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Lincoln High Group Works to Preserve South Dallas Grave of Architect William Sidney Pittman - Dallas, TX
Posted by: Groundspeak Premium Member QuarrellaDeVil
N 32° 45.302 W 096° 44.830
14S E 711053 N 3626376
Quick Description: The Dallas Morning News reported on December 4, 2012, that efforts were being made to recover the headstone of black architect, William Sidney Pittman, and to clean up the cemetery where he is buried, Glen Oaks Cemetery in Dallas, TX.
Location: Texas, United States
Date Posted: 1/12/2015 6:53:11 AM
Waymark Code: WMN7FP
Published By: Groundspeak Premium Member lumbricus
Views: 0

Long Description:
Today, the cemetery is very well-maintained, with both Lincoln High School and L. Butler Nelson Cemetery in view. Interestingly, though, Mr. Pittman's two markers are quite some distance from the actual Pinkston plot, which is near the eastern cemetery boundary between the two entries that form a loop through the cemetery. It's possible that Mr. Pittman is in the Pinkston plot, as they say, or possibly, given the cemetery is known as "Pinkston Cemetery," someone may have equated "cemetery" with plot."

Norma Adams-Wade
Published: 04 December 2012 11:01 PM
Updated: 05 December 2012 12:07 AM

William Sidney Pittman was once a prolific and skillful architect who made history as an African-American trailblazer — working across the country, but largely in Texas, including Dallas, where he lived for 45 years.

The former Tuskegee Institute architecture department head was the first practicing black architect in Texas, as well as a socialite and in-demand entrepreneur.

Yet he died penniless and shamed in 1958 at age 83 and over time was forgotten — buried in an unmarked grave in the Glen Oaks Cemetery in South Dallas.

A coalition of high school students and black history and black community advocates is working to restore Pittman’s final resting place, much as the group did for the L. Butler Nelson Memorial Park, another important but once-forgotten adjoining cemetery, which now has a historical marker.

Lincoln High School's Silent Souls project, which aims to preserve the history of nearby black cemeteries, is inviting the public to join students from 9 a.m. to noon Saturday in recording who is buried at Glen Oaks. Glen Oaks is off Hatcher Street at Cason Street and Vannerson Drive. People are asked to bring information about relatives buried at Glen Oaks.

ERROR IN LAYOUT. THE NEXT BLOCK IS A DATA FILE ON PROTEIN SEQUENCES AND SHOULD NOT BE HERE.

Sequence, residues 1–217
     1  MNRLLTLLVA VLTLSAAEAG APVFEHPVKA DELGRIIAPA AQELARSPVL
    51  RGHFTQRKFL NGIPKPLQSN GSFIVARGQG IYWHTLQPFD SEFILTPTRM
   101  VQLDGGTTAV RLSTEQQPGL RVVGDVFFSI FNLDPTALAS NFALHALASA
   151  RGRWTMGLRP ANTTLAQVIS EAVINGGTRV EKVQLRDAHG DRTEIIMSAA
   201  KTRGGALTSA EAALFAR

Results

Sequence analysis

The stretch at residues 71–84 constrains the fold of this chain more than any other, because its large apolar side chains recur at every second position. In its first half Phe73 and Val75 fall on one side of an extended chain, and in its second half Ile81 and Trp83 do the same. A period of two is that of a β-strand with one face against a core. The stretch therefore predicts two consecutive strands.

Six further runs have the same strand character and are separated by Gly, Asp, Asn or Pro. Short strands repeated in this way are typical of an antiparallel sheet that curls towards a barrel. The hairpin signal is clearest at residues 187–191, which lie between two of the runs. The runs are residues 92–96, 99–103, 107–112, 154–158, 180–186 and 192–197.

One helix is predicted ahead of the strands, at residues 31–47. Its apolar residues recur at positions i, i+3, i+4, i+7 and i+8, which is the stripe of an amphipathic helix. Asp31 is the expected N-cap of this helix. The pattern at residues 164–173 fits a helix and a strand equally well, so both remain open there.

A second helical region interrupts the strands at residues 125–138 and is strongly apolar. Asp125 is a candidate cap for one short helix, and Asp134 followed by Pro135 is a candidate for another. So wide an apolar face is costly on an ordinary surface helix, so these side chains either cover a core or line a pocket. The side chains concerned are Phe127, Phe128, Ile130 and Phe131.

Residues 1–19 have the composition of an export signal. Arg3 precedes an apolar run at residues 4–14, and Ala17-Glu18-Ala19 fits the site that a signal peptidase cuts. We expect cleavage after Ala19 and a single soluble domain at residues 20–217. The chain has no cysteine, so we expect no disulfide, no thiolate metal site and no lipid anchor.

Pittman is buried in the Pinkston family plot, owing to the charity of Dallas physician L.G. Pinkston.

The physician, who is also buried there, owned the family plot and his family was close to the Pittman family.

Educator and community advocate Jerry Chambers, who spearheads the Silent Souls project, and Dallas black history guru Don Payton, who has researched Pittman and Glen Oaks for years, will help guide students in exploring preservation options.

Chambers and Payton say it's time to refocus on Glen Oaks and Pittman because national efforts are growing to bring the architect out of obscurity and illuminate the many buildings he designed across the nation — including the historic Pythian Temple, which still stands on Good-Latimer Expressway near downtown Dallas.

Dallas County Commissioner John Wiley Price pitched in to help a county work crew clean up brush and debris at Glen Oaks last week, which helped uncover Pittman’s overgrown site. Dallas City Council member Carolyn Davis is helping to explore support options.

"We had been looking for Pittman's stone for some time," Chambers said of the marker donated 27 years after Pittman’s death.

Payton said the preservation effort will balance changes happening south of downtown.

"With so much new development going up in the southern sector, it’s significant to remember the people in these cemeteries who laid our foundation," he said.

To learn more, contact Chambers at 972-693-1489.
Type of publication: Newspaper

When was the article reported?: 12/4/2012

Publication: The Dallas Morning News

Article Url: [Web Link]

Is Registration Required?: no

How widespread was the article reported?: local

News Category: Society/People

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